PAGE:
Langham, 50, has been in the optical business for 30 years. He's worked for doctors and had his own store in California before moving to Danville 2 1/2 years ago. He came to this area to be near other family members who moved to Kentucky about 30 years ago.
"Basically, we moved our office across country to Danville," Langham said. "The town seemed to have a need for somebody who did lab work."
To compete with the doctors' office and larger shops, Langham said he has stressed service, savings and selection.
"A lot of the work we've done is to try to build a name, confidence," he said. "People want to know that if there's a problem they can come back and I'll fix it. I want to give them a good price and want them to know they can come back if there's a problem."
Because he can make glasses on the spot, Langham said, he works with a lot of "catastrophes."
"It does become kind of an emergency ..." he said. "If the dog chews up your glasses, I can re-edge the lenses and put them in another frame.
"People realize they are well cared for and can still get glasses without taking out another mortgage on the house."
Because he has a small shop, is new in town and believes in the Biblical adage to "love your neighbor," Langham stresses giving a high level of service to his customers.
"When people on welfare come in, I just have them sit in the shop and get them a cup of coffee" while he makes their glasses, he said.
"I just liking helping people. If I have the means to do it, why not help somebody out?"
For example, there was the case of a girl who broke her glasses playing volleyball and her father had put her frames back together with duct tape.
"It was not my fault and not her fault either, but I had the means to replace her frame and keep her as a customer.
"Just give her a frame and she'll remember you and mention you to her family and friends. My whole mentality of business is to just to do the right thing."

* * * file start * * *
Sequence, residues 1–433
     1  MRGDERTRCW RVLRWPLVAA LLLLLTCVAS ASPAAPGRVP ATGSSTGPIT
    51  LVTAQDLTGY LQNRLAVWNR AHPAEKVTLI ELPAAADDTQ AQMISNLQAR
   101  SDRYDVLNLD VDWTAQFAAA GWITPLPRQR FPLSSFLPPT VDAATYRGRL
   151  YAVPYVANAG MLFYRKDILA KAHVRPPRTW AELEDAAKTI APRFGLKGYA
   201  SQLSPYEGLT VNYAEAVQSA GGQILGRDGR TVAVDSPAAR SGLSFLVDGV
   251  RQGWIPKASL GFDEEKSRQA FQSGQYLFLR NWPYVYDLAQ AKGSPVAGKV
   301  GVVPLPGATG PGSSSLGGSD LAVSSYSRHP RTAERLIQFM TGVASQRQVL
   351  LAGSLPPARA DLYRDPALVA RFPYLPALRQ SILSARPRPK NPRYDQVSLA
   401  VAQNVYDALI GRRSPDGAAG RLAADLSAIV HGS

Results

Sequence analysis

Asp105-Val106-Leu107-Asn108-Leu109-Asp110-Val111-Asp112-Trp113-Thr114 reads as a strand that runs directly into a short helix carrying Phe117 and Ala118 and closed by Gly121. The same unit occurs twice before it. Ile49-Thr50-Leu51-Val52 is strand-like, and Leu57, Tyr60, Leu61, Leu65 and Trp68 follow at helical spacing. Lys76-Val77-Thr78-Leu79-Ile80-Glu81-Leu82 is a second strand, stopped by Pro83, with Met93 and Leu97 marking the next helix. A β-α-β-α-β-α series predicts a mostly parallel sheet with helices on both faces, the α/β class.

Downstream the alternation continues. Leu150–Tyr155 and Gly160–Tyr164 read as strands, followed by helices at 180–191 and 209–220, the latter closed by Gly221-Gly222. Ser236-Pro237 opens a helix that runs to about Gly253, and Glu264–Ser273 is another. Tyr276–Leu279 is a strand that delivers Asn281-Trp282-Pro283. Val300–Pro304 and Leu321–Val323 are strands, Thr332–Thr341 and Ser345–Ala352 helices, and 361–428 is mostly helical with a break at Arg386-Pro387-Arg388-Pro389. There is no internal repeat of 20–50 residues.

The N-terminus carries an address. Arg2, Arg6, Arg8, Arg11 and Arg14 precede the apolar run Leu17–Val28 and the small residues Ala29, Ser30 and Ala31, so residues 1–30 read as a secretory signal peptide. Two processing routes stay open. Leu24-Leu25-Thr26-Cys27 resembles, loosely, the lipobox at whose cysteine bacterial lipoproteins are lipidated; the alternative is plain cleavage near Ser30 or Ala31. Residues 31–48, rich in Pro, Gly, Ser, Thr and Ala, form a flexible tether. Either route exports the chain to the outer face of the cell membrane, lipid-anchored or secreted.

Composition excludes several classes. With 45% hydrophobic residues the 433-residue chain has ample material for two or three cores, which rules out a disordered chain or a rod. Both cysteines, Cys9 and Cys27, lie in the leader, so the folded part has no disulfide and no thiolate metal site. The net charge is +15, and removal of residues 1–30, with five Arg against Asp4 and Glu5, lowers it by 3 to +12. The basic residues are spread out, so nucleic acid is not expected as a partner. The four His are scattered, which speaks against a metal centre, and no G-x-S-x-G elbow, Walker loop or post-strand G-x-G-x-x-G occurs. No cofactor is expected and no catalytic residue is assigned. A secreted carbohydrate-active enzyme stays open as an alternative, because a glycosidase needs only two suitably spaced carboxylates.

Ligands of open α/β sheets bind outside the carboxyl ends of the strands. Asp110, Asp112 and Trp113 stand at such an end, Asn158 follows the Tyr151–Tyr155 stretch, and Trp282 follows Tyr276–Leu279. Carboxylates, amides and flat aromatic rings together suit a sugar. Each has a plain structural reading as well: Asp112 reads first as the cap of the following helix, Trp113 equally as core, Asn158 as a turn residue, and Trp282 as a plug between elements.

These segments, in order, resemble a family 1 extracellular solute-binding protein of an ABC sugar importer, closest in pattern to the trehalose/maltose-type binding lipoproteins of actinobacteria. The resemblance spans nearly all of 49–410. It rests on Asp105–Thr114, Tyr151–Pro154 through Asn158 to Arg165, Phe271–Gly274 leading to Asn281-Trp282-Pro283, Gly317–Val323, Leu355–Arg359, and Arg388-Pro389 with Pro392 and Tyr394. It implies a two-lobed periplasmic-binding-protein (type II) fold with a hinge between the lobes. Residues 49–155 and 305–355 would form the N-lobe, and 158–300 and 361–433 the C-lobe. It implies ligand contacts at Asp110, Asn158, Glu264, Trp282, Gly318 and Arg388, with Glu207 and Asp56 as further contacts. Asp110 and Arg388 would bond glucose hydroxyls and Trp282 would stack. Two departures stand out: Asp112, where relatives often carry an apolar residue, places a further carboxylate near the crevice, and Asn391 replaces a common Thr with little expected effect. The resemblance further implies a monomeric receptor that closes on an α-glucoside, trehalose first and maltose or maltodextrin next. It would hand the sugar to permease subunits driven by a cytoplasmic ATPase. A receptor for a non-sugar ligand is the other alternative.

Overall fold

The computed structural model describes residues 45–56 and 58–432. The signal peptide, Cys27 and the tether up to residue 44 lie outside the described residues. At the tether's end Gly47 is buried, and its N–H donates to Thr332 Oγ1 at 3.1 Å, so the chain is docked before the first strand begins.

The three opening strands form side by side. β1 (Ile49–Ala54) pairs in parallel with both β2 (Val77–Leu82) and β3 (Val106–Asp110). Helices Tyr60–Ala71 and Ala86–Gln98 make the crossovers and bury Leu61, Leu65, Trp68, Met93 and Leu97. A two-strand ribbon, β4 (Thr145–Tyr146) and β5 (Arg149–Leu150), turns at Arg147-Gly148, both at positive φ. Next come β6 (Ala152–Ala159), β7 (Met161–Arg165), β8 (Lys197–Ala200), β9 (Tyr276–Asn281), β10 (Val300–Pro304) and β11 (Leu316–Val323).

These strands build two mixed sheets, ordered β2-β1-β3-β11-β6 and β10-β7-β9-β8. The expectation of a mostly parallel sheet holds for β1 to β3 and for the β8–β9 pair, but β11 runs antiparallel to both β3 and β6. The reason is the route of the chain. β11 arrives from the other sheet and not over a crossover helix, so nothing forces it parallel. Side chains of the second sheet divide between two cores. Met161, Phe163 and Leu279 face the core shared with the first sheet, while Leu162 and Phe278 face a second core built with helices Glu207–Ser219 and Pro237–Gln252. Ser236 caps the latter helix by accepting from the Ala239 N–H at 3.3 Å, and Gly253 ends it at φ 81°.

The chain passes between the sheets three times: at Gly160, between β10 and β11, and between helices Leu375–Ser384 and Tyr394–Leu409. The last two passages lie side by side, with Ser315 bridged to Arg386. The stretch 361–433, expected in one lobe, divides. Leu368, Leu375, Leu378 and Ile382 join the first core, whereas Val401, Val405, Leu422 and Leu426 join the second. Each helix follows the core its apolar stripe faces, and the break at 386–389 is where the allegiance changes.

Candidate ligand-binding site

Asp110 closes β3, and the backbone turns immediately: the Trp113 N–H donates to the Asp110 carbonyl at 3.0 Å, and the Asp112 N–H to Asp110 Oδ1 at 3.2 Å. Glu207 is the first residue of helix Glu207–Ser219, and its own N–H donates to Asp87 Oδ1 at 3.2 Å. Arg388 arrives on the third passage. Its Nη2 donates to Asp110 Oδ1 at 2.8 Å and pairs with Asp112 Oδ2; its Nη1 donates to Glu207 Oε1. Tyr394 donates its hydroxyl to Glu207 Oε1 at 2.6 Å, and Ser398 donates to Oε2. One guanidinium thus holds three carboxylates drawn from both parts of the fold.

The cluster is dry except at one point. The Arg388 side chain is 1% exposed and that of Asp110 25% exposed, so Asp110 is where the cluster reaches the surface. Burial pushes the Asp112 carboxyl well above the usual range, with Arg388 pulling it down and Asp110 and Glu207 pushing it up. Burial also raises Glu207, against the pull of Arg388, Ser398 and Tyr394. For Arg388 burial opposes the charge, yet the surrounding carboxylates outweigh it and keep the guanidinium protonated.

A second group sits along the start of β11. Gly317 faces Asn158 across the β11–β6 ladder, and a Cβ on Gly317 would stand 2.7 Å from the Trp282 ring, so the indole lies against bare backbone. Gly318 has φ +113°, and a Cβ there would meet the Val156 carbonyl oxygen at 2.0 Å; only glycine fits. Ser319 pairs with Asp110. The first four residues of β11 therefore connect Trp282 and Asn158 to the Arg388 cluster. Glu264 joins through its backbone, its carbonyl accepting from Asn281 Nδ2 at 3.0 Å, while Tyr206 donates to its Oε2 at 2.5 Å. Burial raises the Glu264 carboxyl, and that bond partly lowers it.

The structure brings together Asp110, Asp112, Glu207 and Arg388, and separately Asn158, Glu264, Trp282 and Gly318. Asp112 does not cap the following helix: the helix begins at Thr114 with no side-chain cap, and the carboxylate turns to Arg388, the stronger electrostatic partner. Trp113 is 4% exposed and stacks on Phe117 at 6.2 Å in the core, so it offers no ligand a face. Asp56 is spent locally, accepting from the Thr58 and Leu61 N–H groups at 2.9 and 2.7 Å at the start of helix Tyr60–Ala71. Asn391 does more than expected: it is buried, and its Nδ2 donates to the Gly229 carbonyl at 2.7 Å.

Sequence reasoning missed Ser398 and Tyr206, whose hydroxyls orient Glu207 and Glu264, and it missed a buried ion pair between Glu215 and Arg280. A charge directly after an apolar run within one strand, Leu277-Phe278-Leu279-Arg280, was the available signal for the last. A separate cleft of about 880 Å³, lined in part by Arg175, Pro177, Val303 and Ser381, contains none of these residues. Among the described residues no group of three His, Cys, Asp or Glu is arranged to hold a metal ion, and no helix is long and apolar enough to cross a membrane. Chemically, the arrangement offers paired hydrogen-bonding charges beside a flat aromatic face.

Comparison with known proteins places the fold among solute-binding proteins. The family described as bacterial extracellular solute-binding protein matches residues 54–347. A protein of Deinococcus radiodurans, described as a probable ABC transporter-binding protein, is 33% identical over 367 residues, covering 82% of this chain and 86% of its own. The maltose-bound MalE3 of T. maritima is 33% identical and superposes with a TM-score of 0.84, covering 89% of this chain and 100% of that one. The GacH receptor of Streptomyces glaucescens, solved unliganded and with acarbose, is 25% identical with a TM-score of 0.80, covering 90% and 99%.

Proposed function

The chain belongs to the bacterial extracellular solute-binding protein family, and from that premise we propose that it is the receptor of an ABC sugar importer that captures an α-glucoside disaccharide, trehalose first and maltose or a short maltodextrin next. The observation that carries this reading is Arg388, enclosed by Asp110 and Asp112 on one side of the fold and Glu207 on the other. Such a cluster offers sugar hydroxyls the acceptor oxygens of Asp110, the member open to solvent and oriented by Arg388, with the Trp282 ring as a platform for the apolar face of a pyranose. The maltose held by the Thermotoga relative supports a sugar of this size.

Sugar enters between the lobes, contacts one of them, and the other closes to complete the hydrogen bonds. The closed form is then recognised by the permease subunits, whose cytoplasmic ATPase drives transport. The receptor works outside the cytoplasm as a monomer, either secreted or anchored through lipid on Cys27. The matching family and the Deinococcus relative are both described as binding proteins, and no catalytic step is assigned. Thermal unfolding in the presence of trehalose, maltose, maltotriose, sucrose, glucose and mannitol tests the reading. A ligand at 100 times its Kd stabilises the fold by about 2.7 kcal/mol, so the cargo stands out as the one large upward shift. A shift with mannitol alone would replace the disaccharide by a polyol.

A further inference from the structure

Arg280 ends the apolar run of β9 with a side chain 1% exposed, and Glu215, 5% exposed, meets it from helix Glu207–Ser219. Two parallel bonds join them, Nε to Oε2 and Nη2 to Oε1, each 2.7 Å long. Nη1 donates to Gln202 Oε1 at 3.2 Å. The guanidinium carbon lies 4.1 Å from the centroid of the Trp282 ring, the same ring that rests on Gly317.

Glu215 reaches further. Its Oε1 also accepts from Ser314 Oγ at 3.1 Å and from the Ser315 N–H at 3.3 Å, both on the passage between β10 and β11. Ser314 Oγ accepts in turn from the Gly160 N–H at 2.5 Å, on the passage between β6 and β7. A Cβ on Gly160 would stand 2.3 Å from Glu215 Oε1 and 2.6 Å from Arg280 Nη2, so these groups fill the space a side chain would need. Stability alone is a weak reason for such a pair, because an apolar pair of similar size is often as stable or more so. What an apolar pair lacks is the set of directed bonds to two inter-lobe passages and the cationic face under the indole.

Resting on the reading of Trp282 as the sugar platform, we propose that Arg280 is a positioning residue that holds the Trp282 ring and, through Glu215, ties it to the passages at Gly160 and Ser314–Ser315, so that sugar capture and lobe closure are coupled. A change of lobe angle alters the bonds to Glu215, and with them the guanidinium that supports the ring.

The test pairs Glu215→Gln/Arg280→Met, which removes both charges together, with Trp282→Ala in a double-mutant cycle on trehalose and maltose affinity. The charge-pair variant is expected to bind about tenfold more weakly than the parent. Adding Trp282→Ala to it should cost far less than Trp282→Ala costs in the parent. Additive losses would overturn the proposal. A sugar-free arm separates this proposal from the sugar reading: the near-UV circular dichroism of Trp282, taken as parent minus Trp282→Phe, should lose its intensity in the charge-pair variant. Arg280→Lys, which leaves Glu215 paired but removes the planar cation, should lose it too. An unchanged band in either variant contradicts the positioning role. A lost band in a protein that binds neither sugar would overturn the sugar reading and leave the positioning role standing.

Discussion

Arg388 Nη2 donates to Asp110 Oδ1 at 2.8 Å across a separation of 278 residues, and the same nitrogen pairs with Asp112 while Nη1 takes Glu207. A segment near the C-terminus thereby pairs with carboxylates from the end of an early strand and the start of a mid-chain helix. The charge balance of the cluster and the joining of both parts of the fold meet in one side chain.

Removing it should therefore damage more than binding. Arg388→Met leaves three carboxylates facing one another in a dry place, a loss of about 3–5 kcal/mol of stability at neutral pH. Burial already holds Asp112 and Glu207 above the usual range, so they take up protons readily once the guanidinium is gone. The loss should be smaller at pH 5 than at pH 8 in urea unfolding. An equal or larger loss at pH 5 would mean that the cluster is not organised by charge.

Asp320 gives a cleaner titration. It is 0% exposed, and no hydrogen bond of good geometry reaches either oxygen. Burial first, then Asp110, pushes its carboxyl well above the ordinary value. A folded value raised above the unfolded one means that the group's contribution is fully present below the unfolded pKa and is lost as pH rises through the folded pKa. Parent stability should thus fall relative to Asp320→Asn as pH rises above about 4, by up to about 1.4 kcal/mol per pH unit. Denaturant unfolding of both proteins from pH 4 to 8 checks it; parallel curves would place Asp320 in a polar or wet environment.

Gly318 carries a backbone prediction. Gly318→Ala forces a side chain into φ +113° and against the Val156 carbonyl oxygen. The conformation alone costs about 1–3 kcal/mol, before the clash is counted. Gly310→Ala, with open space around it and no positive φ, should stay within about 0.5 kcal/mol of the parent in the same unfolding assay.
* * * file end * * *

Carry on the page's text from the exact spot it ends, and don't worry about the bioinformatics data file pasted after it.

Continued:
Lot of customers on fixed income
Langham said a lot of customers are elderly people who are on a fixed income and "really have to sharpen the pencil" to stay within their budget.
A typical customer would be "a farm guy who comes in and says 'the third one from the bottom looks like my old glasses,'" Langham said. "He throws me a Visa card and I give him a price. He just wants to get out of here and get back to work."
Langham, who has a photography business on the side, recently noticed that some women with really bad eyesight have difficulty picking a frame because they can't tell what they look like in them. He started taking their picture on a digital camera and giving them a print so they could see how they looked.
"It's been extremely successful, and I've just been doing it for a short time," Langham said.
Langham said he is thankful for the support he has received from the people of Danville and Harrodsburg since moving to the area from California.
"To have a friend, you've got to be a friend," he said. "I've got people who I've dispensed glasses to who are bringing in their dads and moms. That's just the greatest honor to me."
Optical Boutique is located at 905 Hustonville Road, Suite 1. Phone: (859) 238-9448.